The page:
Updated: Aug 20, 2021
Looking to the Past or Clues
Finding something to do that is meaningful to us is one of retirement’s little challenges. For some, it’s a big challenge.
I often advocate looking to the past for clues. I’m not advocating a detailed review of WWII or the American Revolution. While that might be fun and an activity worth doing, that’s not what I intend. I hope people will personalize the question by asking “What have I done.”
You can be your own best resource. You may not only detail the things you’ve done, you may also remember what these things felt like. You know the difference between the ones that are clear winners and the ones that are total rejects.
Knowing that doesn’t mean that mining your past is easy. Sometimes a boost is helpful. I recently reviewed several Toastmaster magazine issues seeking articles on storytelling. In the December 2019 issue, Craig Harrison offers some ideas about questions to ask. I’d thought I’d share them to get you started.
You might ask the “first” question:
Your first day at school
Your first pet
Your first boyfriend/girlfriend
Your first breakup
The first time you saw your partner
Your first job
Your first baby’s first birthday
These may give you some clues as to stories to tell, but I think they are most helpful because they get your brain into gear on the topic. What was exciting about the first day at school? What did you learn in those early years that surprised or delighted you? Do you want to pursue a variant of those things now?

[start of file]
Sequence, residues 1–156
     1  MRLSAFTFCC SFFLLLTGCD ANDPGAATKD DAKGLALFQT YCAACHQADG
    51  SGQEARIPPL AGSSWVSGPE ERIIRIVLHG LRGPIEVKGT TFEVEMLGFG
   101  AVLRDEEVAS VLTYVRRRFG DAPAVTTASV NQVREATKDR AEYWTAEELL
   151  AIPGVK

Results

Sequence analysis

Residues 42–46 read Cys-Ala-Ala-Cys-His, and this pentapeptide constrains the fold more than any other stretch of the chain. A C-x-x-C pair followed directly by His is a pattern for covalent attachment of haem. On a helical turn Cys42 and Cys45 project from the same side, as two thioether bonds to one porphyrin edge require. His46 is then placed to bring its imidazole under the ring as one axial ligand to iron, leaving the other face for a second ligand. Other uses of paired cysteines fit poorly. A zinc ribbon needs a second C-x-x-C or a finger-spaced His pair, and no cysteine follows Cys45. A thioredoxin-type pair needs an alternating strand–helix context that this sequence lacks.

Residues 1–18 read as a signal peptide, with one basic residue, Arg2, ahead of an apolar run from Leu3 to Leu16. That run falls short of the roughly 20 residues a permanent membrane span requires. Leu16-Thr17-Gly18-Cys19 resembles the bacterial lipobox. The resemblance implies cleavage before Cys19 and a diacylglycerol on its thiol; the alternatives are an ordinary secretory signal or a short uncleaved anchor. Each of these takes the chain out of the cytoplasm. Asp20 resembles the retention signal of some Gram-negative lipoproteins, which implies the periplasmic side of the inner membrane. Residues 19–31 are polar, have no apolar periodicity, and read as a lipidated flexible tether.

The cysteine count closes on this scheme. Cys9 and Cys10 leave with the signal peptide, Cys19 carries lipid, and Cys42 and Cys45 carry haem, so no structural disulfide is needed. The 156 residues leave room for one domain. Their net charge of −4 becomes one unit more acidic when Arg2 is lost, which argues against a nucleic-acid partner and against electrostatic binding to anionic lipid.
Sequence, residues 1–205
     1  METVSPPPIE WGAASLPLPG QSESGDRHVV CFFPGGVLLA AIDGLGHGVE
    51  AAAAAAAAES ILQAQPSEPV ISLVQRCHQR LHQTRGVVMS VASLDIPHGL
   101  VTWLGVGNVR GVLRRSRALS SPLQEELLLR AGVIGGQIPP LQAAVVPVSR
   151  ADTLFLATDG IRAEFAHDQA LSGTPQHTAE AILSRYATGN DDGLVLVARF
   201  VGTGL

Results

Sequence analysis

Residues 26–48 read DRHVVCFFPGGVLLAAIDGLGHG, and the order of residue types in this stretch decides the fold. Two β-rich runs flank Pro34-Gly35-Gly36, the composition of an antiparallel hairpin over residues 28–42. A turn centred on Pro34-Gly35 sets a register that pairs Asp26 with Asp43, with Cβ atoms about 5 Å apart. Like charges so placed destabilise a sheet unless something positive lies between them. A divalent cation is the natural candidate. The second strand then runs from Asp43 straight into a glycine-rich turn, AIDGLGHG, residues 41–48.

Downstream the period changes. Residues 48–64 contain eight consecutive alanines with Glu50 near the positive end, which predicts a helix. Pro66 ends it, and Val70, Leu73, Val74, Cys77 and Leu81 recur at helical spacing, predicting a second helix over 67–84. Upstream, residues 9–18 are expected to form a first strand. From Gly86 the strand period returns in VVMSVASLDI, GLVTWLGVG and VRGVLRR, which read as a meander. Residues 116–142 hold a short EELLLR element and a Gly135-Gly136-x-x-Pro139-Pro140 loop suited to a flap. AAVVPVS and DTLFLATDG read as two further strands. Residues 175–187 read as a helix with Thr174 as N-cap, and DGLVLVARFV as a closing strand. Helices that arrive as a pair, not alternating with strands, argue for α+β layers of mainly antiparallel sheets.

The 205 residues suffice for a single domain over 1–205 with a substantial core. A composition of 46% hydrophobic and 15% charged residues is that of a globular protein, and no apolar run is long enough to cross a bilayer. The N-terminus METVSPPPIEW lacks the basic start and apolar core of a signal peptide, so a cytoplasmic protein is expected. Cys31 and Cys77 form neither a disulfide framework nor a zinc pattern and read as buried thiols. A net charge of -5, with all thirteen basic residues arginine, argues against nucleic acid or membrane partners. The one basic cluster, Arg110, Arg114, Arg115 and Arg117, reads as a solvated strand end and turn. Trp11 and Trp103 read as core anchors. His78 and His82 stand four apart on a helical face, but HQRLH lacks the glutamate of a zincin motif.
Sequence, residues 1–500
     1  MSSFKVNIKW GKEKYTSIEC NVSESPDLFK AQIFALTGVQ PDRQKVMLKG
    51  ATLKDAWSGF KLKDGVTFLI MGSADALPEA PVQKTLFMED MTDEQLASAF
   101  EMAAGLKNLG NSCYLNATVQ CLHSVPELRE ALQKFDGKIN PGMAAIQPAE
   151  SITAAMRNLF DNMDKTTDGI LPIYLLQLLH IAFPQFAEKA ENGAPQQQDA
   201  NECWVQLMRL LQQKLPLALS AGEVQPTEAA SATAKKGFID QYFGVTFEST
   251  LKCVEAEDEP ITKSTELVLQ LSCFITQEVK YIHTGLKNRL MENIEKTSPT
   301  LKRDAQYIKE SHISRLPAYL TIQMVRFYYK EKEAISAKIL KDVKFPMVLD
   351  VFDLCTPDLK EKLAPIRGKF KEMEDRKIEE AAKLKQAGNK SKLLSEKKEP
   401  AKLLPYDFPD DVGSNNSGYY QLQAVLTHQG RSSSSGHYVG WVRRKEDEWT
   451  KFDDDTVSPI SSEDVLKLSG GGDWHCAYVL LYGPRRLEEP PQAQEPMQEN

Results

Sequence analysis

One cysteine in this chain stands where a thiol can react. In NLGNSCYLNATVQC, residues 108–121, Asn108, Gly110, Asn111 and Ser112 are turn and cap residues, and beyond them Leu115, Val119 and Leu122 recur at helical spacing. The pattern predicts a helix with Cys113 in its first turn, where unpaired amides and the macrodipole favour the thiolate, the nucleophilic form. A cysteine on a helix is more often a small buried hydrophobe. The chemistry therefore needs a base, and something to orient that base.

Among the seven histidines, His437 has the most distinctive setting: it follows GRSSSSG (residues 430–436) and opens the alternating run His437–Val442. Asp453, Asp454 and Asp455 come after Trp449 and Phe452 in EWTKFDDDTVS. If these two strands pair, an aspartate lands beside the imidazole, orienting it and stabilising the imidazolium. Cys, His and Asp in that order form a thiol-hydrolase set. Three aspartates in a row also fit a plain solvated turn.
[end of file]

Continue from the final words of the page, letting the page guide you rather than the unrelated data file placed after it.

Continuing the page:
For example, I thrived on my first real science class particularly when we had a six-week unit on astronomy. You can believe I dug out that ancient scrap book that my mother thoughtfully preserved for me.
Then there are the direct “interest” questions: What were your favorite
Just how did you come by these favorites? From other people? Visits to unique places? Fun trips? Reconnecting could be fun. Would you like seeing those people, visiting those places, or taking that trip again? This time, of course, making them all new, different, and exciting.
Finally, there are the substantive questions:
What was your family like?
Where did you grow up and what made it distinctive?
What was the most extraordinary event that you witnessed?
All in all, thank you Craig.
I hope you’ll explore your past as a resource for the future. Doing so will help you create a future that is meaningful for you.
…the retired guy
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